For example – A person driving any four wheeled vehicle is required to wear the seat belt for the purpose of safety. Now if the driver does not wear the seat belt and drives rashly and ends up hitting a pedestrian, then in that case he has contributed to his own injuries as well as the pedestrian. The pedestrian would not be liable to pay for the driver’s injuries until and unless the Court finds him reasonably at fault for it, like cycling on the wrong side.
The states that follow contributory negligence are as follows:
|State||Relevant Code or Case Laws|
|Alaska||Alaska Statutes Title 09 – Section 09.17.060 to 080|
|Alabama||Alabama Rules of Civil Procedure – Section 8(c)|
|District of Columbia||Wingfield v. People’s Drug Store (1978)|
|Indiana||Indiana Code – Section 34-51-2-6|
|Kentucky||Kentucky Revised Statutes – Section 411.182|
|Maryland||Garrett County v. Bell Atlantic, 695 A.2d 171|
|Mississippi||Mississippi Code – Section 11-7-15|
|North Carolina||Smith v. Fiber Controls Corp., (1980)|
|Nebraska||Nebraska Revised Statutes – Section 25-21, 185.11|
|New Jersey||New Jersey Statutes Annotated – Section 2A:15-5.1|
|New York||New York Consolidated Laws and Rules – Section 1411|
|Ohio||Ohio Revised Code Annotated – Section 2315.33|
|Oregon||Oregon Revised Statutes Annotated – Section 31.600|
|Vermont||Vermont Statute Annotated – Title 12 – Section 1036|
|Virginia||Baskett v. Banks (1947)|
|Washington||Revised Code of Washington – Section 4.22.005 – 015|
|Wisconsin||Wisconsin Statute – Section 895.045(1)|
Comparative negligence is a principle under the law of tort which helps to ascertain that amount by reducing it so only that reduced amount would be claimed by the injured or affected party in a claim of negligence. The purpose of comparative negligence is to ascertain the proportion of negligence contributed by the plaintiff and the defendant. What sets comparative negligence apart from contributory negligence is the fact that in comparative negligence, the plaintiff can claim for the damages caused as a result of the defendant’s negligence even though the plaintiff contributed to it up to some extent. However, in the case of contributory negligence, the plaintiff cannot claim any damages since there was fault of the plaintiff. Comparative negligence can be categorized into the following types:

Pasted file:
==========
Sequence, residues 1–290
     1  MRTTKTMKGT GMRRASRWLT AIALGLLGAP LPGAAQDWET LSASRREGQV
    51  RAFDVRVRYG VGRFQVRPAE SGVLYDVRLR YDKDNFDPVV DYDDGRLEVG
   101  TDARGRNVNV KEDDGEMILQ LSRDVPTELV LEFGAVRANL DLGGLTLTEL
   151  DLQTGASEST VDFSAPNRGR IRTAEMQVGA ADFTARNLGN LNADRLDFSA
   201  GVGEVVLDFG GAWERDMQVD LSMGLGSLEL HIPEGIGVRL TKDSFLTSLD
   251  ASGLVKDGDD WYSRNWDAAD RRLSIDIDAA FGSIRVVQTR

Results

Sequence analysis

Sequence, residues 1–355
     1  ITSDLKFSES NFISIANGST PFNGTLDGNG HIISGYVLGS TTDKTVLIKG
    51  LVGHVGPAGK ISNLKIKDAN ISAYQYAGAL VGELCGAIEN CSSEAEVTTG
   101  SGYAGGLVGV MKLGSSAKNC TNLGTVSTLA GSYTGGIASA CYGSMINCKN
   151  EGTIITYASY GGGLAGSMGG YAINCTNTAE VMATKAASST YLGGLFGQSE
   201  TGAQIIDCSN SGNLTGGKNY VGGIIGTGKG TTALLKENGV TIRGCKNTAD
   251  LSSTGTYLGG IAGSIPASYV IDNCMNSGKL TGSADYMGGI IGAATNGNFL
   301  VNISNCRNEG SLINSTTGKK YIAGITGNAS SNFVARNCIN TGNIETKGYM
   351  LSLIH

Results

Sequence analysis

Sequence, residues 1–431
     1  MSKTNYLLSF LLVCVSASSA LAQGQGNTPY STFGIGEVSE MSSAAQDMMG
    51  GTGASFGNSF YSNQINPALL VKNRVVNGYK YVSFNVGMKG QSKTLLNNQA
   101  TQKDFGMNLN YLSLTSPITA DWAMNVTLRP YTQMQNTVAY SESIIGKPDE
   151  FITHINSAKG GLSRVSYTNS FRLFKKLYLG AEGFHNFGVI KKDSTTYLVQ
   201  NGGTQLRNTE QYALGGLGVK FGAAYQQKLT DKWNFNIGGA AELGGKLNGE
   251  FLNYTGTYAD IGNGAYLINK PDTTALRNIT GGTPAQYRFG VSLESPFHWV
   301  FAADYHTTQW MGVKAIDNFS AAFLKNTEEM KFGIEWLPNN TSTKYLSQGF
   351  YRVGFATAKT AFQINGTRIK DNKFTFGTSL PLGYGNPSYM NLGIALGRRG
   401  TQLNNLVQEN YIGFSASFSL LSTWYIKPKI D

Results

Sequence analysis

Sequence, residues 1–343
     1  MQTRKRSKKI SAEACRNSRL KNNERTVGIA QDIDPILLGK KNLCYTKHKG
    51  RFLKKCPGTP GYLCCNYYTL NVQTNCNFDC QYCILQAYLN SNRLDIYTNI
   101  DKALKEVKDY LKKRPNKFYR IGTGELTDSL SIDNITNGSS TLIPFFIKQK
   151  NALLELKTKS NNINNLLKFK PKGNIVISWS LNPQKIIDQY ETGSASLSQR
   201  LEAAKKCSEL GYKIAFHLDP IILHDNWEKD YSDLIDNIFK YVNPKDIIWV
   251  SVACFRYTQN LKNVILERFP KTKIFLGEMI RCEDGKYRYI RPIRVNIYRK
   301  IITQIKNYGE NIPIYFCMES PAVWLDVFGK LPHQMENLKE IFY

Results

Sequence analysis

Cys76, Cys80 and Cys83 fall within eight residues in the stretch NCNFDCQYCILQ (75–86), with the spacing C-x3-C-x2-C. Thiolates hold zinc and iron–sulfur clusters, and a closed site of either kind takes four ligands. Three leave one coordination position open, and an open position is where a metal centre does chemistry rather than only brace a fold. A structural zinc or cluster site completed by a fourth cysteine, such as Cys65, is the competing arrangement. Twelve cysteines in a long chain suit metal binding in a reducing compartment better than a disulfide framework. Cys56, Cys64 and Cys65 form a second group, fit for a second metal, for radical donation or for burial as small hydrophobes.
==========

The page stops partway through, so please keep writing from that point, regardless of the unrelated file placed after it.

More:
- Pure comparative negligence
The concept of pure comparative negligence envisages the plaintiff to be able to claim for the damages for the 1% that they are not at fault for, that is, only the defendant is at fault for it. Due to such a low percentage, the compensation is proportionately less, and this amount is determined by the Court itself.
The concept of pure comparative negligence is followed in only a very few states. They are listed below as follows:
|State||Relevant Code or Case Laws|
|Arizona||Arizona Revised Statutes – Section 12-2505|
|California||LI v. Yellow Cab Co. (1975)|
|Florida||Florida Statutes – Section 768.81(2)|
|Louisiana||Louisiana State Act – Civil Code – Article 2323|
|Missouri||Gustafson v. Benda (1983)|